Dr. Elena Izmailova
I was recently privileged to attend the ASCO Quality Care Symposium to present the work that Koneksa and the Montefiore Cancer Center are doing (see our press release here) to improve supportive patient care.
Why the ASCO Quality Care Symposium Matters
This symposium has a special place among ASCO satellite meetings because it’s focused on the quality of healthcare delivery for cancer patients: an extremely important aspect of healthcare innovation that often doesn’t receive nearly enough attention.
Our understanding of the cancer genome and development of innovative therapies, such as checkpoint inhibitors and CAR-T therapy, has made it possible to create new treatment options for cancer patients. Many R&D scientists work hard to develop novel diagnostic tests and therapies like these. But the front line of the battle with cancer is in hospitals and doctors’ offices. These are where an innovation paradigm becomes a reality.
What I Heard
The hot topics of this symposium included discussions about the challenges that doctors face every day, and about what’s needed to deliver the best patient care. I heard speakers talk about “chasing prescriptions instead of chasing the cure”, navigating the maze of treatment options to find the best ones for a patient, working to coordinate and standardize delivery, and enabling value-based care.
I heard broad agreement that extended participation in clinical trials - both at academic research centers and in community-based practices - will improve patient access to novel treatments. The field fully realizes that access to clinical trials in the US remains limited.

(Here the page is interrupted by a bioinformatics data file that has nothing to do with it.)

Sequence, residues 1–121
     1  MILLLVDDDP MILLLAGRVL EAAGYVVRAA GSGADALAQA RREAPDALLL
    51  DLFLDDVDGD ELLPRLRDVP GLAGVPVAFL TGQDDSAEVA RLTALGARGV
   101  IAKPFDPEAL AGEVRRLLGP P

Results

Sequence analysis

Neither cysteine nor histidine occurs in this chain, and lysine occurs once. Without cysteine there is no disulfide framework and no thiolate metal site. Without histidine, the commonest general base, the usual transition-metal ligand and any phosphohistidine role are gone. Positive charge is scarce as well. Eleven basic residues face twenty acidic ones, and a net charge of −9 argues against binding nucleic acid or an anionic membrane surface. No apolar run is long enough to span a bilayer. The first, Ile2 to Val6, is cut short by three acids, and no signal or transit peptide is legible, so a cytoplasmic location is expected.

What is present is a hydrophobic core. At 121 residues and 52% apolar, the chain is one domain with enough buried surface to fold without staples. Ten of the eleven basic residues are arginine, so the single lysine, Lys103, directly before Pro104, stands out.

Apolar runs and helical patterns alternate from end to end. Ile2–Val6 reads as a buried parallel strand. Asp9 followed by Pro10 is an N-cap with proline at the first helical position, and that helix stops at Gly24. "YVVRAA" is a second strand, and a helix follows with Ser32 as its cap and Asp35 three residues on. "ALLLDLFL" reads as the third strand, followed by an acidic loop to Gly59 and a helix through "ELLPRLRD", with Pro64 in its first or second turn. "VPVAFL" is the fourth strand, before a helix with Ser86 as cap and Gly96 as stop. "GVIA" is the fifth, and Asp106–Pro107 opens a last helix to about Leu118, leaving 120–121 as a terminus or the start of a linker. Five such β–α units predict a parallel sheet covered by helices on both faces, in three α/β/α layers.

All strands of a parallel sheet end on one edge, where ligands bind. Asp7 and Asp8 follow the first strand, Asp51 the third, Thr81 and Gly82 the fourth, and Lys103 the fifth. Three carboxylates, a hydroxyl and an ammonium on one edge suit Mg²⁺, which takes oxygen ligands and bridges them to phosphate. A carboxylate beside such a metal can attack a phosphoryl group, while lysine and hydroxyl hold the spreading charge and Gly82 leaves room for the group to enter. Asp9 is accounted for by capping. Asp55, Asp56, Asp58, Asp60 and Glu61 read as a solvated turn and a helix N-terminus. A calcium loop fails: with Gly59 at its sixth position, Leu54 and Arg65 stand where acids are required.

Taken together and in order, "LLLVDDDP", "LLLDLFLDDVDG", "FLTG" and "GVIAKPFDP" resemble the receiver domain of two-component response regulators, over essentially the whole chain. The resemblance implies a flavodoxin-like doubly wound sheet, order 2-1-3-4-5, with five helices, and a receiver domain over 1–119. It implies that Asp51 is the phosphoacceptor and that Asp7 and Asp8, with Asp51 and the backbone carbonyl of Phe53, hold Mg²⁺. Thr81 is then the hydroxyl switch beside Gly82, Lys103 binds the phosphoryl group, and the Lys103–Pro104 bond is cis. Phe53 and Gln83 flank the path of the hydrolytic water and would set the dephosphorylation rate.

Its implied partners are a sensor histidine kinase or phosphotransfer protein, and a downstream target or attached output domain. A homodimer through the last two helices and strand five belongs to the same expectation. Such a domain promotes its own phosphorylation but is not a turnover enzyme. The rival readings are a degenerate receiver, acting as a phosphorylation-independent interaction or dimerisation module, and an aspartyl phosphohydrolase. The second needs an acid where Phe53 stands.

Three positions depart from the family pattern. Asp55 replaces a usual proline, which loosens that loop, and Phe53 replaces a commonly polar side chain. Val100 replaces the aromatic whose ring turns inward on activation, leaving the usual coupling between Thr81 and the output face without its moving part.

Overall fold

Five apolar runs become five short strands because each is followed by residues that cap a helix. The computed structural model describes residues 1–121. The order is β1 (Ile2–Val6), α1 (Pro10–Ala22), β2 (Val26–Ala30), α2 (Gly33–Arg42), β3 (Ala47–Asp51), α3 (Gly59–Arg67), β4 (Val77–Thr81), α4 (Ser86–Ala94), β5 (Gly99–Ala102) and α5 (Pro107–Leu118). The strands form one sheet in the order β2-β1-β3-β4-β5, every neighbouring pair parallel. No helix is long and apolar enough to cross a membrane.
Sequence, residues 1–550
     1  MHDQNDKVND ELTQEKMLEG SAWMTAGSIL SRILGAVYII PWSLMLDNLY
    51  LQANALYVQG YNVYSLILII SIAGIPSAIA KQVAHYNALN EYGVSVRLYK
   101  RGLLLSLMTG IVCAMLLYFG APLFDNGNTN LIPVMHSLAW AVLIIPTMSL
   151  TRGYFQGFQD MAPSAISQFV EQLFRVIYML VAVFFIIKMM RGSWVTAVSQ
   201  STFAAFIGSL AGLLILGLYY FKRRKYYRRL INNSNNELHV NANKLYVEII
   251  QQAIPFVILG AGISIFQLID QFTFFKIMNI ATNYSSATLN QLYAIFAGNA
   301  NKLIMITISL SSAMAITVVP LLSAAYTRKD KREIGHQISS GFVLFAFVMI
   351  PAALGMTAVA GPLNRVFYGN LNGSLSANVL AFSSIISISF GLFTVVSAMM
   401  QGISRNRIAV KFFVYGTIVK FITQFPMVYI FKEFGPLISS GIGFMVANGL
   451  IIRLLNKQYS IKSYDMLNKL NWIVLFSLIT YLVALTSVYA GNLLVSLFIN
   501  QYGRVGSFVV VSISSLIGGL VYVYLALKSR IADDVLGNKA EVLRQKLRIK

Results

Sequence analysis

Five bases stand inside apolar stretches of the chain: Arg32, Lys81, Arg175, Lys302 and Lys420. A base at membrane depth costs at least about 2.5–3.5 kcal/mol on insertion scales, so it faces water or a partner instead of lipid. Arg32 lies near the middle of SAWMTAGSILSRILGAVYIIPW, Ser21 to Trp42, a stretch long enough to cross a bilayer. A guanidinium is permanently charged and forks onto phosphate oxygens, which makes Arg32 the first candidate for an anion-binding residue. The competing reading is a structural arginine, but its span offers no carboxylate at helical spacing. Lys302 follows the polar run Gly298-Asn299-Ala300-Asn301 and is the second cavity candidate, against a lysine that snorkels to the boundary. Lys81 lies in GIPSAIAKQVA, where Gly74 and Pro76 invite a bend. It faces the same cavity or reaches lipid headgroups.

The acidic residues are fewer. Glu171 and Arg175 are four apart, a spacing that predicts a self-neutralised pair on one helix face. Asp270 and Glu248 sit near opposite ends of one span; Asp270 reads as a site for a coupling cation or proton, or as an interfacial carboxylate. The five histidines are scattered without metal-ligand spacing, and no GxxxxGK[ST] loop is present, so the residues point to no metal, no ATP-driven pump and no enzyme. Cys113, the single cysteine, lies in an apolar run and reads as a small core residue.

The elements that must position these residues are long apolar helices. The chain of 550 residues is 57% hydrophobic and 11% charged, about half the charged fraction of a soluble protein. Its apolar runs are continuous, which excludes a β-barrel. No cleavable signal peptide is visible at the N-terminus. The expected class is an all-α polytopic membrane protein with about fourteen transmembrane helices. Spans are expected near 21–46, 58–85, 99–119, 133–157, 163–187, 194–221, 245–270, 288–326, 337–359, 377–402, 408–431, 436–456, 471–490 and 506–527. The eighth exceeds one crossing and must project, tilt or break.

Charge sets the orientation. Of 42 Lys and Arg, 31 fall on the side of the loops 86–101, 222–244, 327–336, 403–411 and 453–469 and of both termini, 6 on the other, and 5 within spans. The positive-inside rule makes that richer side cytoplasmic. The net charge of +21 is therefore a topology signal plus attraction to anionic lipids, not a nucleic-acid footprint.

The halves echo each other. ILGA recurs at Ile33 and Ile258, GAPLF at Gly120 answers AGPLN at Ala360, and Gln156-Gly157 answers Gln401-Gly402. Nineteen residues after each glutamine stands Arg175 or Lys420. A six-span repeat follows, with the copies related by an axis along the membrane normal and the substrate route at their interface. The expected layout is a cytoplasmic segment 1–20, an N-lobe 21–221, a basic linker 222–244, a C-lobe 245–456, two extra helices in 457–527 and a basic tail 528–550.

Many coordinated efforts are focused on keeping people out of the hospital with value-based service models and creative approaches. Technology innovation can help here. Patient-centric approaches - social support, adverse-event monitoring, appropriate palliative care, and support for end-of-life are among the top priorities for oncology, and these can be achieved via multiple ways. Something as simple as regularly scheduled phone calls can help patients a great deal.
More technical work can also make a big difference, like machine learning using EHR data and wearable devices to identify reliable, dynamic predictors of hospitalization.
What We Presented
That work was the topic of my poster presentation - I was presenting the results of a collaboration between Montefiore Montefiore Einstein Center for Cancer Care and Koneksa Health.
The goal of our study was to replicate the results from an earlier pilot study which indicated that daily step counts (collected by a Garmin Vivofit device) were a strong predictor of short-term hospitalizations. This larger study included 200 patients who were undergoing chemoradiotherapy to treat solid tumors of the head and neck, gastrointestinal tract, lung, cervix or CNS. The results were highly reproducible. Our results demonstrated a 36% decrease of hospitalization risk for every 1000 steps averaged over 3 days.
Why It Matters
These findings are important because they suggest that future interventional trials should leverage activity data to optimize supportive care during cancer therapy. Devices like fitness trackers are easy to use and the data can be collected remotely. We obtained step data from 97% of patients’ treatment days.
Our poster attracted attention from healthcare professionals looking for ways to optimize supportive care for cancer patients and to promote healthy lifestyles in the survivorship period.
Additionally, industry sponsors are looking for ways to develop novel endpoints, and to better understand how novel treatments impact patients’ activities of daily life (ADL). Efforts like these are exciting because they have an enormous potential to change how cancer is treated, and make a difference for patients and their families.